- Dip veggies in tzatziki, a Greek sauce. Whisk together 6 ounces plain nonfat Greek yogurt, 1/2 cup shredded cucumber, 1 teaspoon minced garlic, and 1 tablespoon fresh lemon juice.
According to one study, people with low vitamin D levels are 62 percent more likely to suffer from recurrent strep throat than people with adequate levels. This vitamin regulates more than 290 genes, many of which directly affect our immune systems, explains Michael F. Holick, MD, PhD, a professor of medicine at Boston University School of Medicine. Without enough D, our immune cells can't turn on genes needed to control the release of proteins that fight strep bacteria. You would have to drink about five cups of milk to get a day's worth of D — or you could eat just 3 ounces of rainbow trout. Bonus: The omega-3 fats in the fish ease airway inflammation, so you breathe easier.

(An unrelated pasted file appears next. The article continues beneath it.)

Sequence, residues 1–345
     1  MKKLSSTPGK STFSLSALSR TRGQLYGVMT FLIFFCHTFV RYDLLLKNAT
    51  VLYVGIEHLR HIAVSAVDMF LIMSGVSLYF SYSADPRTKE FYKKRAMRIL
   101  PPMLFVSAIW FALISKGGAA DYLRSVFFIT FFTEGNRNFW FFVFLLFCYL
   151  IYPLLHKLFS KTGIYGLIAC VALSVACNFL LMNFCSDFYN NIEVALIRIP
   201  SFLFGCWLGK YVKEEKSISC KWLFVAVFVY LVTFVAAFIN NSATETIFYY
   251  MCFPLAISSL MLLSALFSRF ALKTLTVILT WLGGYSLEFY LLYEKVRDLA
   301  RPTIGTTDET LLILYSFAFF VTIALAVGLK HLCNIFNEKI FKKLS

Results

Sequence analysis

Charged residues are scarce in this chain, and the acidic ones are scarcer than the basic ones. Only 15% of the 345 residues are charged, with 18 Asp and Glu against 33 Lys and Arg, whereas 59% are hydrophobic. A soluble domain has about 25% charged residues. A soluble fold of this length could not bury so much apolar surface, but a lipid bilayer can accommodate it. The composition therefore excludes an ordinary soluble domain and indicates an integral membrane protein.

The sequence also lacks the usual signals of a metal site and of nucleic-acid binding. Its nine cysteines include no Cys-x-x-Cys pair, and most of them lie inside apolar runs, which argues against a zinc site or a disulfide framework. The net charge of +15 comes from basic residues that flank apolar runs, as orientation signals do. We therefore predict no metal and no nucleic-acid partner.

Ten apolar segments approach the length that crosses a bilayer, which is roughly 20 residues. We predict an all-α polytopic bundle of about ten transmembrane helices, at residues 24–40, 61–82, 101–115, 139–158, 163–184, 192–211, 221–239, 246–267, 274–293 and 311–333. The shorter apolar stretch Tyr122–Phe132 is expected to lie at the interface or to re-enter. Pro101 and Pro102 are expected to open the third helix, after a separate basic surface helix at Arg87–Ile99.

- Cut trout fillets into 2-inch strips. Lightly saute and serve in corn tortillas with pineapple salsa.
- Marinate trout fillets in soy sauce and minced garlic. Saute in peanut oil and serve over brown basmati rice with steamed sugar snap peas.
A study in the Journal of the American College of Nutrition found that women who consumed more than 200 milligrams of vitamin C from food daily were half as likely to catch a cold over a four-month period than women whose diets served up less than 100 milligrams. "There's an advantage when you eat foods that contain C: You get other beneficial nutrients at the same time," says Elinor Fondell, PhD, the lead author of the study. A prime example is low-sodium veggie juice. Not only does one 8-ounce serving contain more than a day's worth of vitamin C, but it also supplies 40 percent of your immune-enhancing vitamin A.